UPDATED 20:25 EDT / MARCH 25 2020

tupperware SECURITY

Customer payment details stolen in hack of Tupperware website

Plastic container maker Tupperware Brands Corp. is the latest to fall victim to hackers, who stole customer payment details.

Discovered by researchers at Malwarebytes on March 20, the attack involved the placement of a fraudulent payment form designed to mimic the official payment form during the checkout process.

The form is triggered by malicious code hiding within an image file inserted onto the site. Customers are completely unaware that they are entering details on a fake payment form. The use of an image file with malicious code is notable because it evades traditional detection techniques.

Once customers inserted their details into the malicious form and hit submit, they were then shown an error disguised as a time-out message. The page is then reloaded and victims enter the information a second time on the legitimate page, none the wiser to what has happened.

As is usual with digital credit card skimmers, the form captures the payment details and then sends them to the cybercriminals behind the attack.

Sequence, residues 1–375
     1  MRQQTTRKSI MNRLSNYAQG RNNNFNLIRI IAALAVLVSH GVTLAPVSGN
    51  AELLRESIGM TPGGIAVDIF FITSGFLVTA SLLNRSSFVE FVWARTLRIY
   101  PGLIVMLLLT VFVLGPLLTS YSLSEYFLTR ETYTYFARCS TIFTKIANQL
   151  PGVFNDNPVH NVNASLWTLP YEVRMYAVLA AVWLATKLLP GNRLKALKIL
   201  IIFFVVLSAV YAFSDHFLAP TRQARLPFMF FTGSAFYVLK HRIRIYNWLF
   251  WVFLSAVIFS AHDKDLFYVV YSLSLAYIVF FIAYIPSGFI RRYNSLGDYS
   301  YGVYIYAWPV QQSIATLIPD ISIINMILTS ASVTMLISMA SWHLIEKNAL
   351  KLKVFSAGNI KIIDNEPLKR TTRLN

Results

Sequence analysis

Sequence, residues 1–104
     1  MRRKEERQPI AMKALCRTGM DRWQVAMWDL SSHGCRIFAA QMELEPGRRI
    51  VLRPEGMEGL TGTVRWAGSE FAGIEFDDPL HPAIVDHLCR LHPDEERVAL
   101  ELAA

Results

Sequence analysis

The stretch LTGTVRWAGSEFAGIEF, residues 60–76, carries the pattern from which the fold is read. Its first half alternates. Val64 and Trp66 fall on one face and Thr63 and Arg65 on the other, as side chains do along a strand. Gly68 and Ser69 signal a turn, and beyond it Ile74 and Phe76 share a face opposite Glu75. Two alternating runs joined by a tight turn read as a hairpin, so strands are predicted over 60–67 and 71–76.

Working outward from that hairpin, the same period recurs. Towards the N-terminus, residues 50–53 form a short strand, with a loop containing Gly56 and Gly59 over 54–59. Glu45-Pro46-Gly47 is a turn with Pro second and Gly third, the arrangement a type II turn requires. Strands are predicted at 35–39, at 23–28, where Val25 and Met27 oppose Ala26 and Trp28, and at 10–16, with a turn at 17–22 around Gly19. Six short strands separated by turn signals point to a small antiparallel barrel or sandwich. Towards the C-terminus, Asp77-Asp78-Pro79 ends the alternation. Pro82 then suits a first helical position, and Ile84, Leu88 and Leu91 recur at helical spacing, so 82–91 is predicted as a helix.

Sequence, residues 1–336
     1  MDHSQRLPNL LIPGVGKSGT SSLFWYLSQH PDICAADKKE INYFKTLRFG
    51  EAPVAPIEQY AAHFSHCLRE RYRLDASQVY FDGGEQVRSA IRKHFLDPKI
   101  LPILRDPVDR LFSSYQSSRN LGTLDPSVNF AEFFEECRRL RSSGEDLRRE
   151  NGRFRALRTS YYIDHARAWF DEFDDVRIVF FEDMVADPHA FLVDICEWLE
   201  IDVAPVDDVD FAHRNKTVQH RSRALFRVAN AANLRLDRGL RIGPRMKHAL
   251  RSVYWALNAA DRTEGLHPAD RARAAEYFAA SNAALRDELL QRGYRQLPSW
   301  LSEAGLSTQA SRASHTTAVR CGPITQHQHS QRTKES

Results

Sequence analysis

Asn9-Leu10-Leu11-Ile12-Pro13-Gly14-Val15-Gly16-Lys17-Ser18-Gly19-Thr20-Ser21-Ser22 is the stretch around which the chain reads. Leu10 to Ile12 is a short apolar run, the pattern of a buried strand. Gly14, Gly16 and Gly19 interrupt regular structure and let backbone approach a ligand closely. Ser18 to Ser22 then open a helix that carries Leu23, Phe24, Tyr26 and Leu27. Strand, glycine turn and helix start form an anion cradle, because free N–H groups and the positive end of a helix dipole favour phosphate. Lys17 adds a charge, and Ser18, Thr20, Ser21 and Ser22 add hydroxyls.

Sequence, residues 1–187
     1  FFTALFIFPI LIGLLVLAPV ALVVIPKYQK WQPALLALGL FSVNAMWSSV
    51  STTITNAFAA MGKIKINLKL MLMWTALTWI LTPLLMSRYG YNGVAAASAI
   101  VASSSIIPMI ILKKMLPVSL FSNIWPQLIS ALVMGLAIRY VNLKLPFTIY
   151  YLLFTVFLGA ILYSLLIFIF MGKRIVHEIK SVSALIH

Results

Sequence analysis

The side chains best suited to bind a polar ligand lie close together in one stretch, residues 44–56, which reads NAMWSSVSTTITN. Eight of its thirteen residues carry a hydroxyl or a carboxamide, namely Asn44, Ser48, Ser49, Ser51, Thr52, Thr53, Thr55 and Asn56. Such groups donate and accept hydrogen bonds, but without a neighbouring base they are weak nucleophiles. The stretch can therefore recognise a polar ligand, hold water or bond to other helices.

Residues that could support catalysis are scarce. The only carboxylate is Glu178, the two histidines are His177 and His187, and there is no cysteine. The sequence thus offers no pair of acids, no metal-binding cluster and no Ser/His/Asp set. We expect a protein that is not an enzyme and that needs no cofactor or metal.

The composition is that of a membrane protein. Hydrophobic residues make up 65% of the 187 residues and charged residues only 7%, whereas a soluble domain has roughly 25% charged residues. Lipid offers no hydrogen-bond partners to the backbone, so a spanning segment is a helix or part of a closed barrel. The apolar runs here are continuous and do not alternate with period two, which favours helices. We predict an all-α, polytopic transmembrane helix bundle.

The researchers reached out to Tupperware via phone, email, Twitter and LinkedIn with no response, hence their decision to go public with their findings. Someone must have noticed the report since then, however, since the malicious image file was removed.

“We understand that businesses have been disrupted in light of the coronavirus crisis and that employees are working remotely, which accounts for delays,” Malwarebytes’ Jerome Segura told The Register. “Our decision to go public is to ensure that the problem is being looked at in a timely manner to protect online shoppers.”

With employees working from home and a surge in online shopping as coronavirus-related lockdowns seeing more people ordering goods online, the number of cyberattacks is expected to increase as hackers look to take advantage of the situation.

Despite reports of some cybercriminals encouraging others to not take advantage of the situation, nothing is sacred when it comes to a targets, which in the last month include hospitals treating coronavirus patients and even a medical company preparing to do a trial for a vaccine. NutriBullet LLC, the maker of a popular high-priced blender, was also targeted in a card skimming attack in late February.

Photo: Mark Larson/Wikimedia Commons

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